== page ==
What is MRI scanning of the spine?
What are some common uses of the examination?
- Assess spinal anatomy and alignment.
- Assess intervertebral disc disease (degenerated, bulging or herniated) and intervertebral joint disease, both frequent causes of back pain and sciatica (back pain radiating into lower leg).
- Explore other possible causes of back pain (compression fracture or bone bruising, such as oedema).
- Help plan spinal surgical procedures, such as decompression of a pinched nerve, spinal fusion, or the injection of steroids to relieve spinal pain.
- Assess compression of spinal cord and nerves.
- Detect bone, disc, ligament or spinal cord injury after spine trauma.
- Assess infection involving the spine, discs and spinal contents including spinal cord or its coverings (meninges).
- Assess tumours that arise from or have spread to the vertebrae, spinal cord, nerves or the surrounding soft tissues.
- Monitor changes in the spine after an operation, such as scarring or infection.
- You do not need to fast prior to the test and should take any medications as per your usual routine.
- If you have a history of kidney disease or liver transplant, please let us know at the time of booking. We will need to carry out a blood test to check if the kidneys are functioning adequately. Some conditions, such as severe kidney disease, may prevent you from being given contrast dye for certain MRI studies.
- Please inform us if there is any risk that you may be pregnant. Pregnant womem should only have this examination in the first trimester of their pregnancy, unless necessary. They should also not receive injections of gadolinium contrast dye except when absolutely necessary for medical treatment.
- If you have claustrophobia (fear of enclosed spaces) or anxiety, you may want to ask your Physician for a prescription for a mild sedative prior to your scheduled examination.
Image courtesy of Siemens Healthcare
- What will I experience during and after my MRI scan?On arrival, you will be asked to complete a safety questionnaire. One of our MRI Radiographers will then check it with you,explain the examination to you and answer any questions you may have.You will be asked to change into a gown and to remove any metal, for example: jewellery, hairpins, eyeglasses, watches, wigs, dentures, hearing aids and underwire bras. An MRI specialist, the Radiographer, will take you into the scanning room where you will lie on the scanner table.Devices that contain coils capable of sending and receiving radio waves may be placed around or adjacent to the area of the body being studied. During an MRI of the head, for example, a device is positioned around the head to improve image quality.During the MRI you may slowly move through the scanner. The scanner can be quite loud, due to the powerful magnets working within it. You will hear repetitive clicking, tapping and other loud noises. We will ask you, as a precaution, to wear hearing protection and for some scans you may be able to listen to the radio. You will be asked to lie very still so as to ensure clear images are produced . The Radiographer operating the scanner can both see and hear you clearly throughout the examination and will speak to you through an intercom connected to the headphones.The procedure is painless. You don't feel the magnetic field or radio waves, and there are no moving parts around you. Some patients find it uncomfortable to remain still during an MRI, whilst others experience a sense of being closed-in (claustrophobia). If this is something you are concerned about, you may want to ask your Physician for a prescription for a mild sedative prior to your scheduled examination. However, fewer than one in 20 patients require medication for this.In some cases, a contrast dye called gadolinium, may be injected through an intravenous line into a vein in your hand or arm. The contrast is not always needed but can enhance the appearance of certain details in the scan. The contrast used during MRI scans is less likely to cause an allergic reaction than the dye used for CT scans.If you have not been sedated, no recovery period is necessary. You may resume your normal activities and diet immediately after the MRI. On very rare occasions, patients experience hives, itchy eyes or other reactions to the contrast dye (if it was used). If you experience symptoms of an allergic reaction, please notify the Radiographer. A Radiologist or other physician will be available for immediate assistance.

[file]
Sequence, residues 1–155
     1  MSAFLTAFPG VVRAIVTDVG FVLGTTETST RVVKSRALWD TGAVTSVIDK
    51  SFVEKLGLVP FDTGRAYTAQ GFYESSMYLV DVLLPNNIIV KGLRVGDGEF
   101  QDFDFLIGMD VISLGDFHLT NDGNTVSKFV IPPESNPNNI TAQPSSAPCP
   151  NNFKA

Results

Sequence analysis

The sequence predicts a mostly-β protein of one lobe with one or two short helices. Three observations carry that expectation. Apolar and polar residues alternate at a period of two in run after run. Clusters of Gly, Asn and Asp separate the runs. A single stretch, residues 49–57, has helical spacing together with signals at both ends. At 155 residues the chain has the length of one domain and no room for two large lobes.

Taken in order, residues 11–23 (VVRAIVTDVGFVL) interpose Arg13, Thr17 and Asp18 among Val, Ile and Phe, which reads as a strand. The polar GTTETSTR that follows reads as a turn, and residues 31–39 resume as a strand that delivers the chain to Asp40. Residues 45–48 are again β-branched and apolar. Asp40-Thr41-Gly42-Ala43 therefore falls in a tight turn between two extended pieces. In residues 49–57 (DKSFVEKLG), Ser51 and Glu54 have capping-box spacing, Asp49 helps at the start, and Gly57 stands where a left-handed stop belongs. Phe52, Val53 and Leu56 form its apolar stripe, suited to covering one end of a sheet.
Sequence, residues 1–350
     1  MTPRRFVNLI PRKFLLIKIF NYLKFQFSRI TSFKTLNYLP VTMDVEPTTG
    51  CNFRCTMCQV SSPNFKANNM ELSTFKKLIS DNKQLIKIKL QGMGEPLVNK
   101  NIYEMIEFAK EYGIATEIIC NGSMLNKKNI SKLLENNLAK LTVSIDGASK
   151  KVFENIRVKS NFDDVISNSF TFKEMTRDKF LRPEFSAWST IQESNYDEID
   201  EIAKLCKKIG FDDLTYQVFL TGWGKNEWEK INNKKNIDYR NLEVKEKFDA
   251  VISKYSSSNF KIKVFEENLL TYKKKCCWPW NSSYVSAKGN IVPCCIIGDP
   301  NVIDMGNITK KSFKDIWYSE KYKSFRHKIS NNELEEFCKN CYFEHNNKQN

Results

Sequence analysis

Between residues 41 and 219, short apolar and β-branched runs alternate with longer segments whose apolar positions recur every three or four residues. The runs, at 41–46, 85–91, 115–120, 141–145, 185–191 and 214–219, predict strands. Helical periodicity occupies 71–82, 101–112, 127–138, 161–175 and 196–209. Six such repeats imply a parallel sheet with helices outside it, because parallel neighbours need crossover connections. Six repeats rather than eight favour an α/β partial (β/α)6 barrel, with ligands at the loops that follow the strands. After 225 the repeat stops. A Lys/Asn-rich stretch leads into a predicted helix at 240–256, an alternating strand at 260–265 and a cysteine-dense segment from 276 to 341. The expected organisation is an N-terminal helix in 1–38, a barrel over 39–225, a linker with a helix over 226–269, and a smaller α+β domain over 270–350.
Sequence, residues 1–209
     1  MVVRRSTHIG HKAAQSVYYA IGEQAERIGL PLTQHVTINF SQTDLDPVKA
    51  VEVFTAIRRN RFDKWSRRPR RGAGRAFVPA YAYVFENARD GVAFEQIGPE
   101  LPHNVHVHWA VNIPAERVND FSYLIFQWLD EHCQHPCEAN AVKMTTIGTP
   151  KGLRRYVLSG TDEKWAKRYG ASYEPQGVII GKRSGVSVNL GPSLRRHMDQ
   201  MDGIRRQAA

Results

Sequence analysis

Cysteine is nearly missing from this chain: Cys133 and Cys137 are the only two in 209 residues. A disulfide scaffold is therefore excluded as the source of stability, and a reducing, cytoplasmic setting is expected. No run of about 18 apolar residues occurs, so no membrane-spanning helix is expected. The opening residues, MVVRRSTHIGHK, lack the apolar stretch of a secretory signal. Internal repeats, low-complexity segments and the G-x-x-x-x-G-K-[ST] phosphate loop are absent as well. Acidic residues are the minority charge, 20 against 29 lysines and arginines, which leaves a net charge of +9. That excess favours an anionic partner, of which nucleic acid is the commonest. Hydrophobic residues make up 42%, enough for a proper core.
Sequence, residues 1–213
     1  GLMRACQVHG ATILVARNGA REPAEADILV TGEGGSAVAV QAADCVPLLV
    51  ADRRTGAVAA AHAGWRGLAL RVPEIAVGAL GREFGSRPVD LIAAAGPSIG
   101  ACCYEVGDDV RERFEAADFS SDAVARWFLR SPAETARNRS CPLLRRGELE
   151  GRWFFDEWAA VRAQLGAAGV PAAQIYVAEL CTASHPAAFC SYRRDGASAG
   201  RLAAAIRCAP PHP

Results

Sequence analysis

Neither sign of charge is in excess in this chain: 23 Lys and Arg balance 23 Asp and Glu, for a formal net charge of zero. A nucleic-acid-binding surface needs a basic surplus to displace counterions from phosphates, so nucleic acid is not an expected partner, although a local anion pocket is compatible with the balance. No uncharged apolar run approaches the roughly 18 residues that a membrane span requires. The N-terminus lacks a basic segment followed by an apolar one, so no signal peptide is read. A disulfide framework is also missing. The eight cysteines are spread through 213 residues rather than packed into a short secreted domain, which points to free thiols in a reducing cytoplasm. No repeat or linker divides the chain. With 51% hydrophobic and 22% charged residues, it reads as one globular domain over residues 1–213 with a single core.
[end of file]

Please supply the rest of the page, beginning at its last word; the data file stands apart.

Who interprets the results and how do I receive them?
A Consultant Radiologist, a Doctor specifically trained to interpret radiology examinations, will analyse the images and send a report to your referring Doctor. All the radiologists at the Mater Private in Dublin are specialists in the interpretation of MRI scans. You may need to make a follow-up appointment with your Doctor to discuss the results.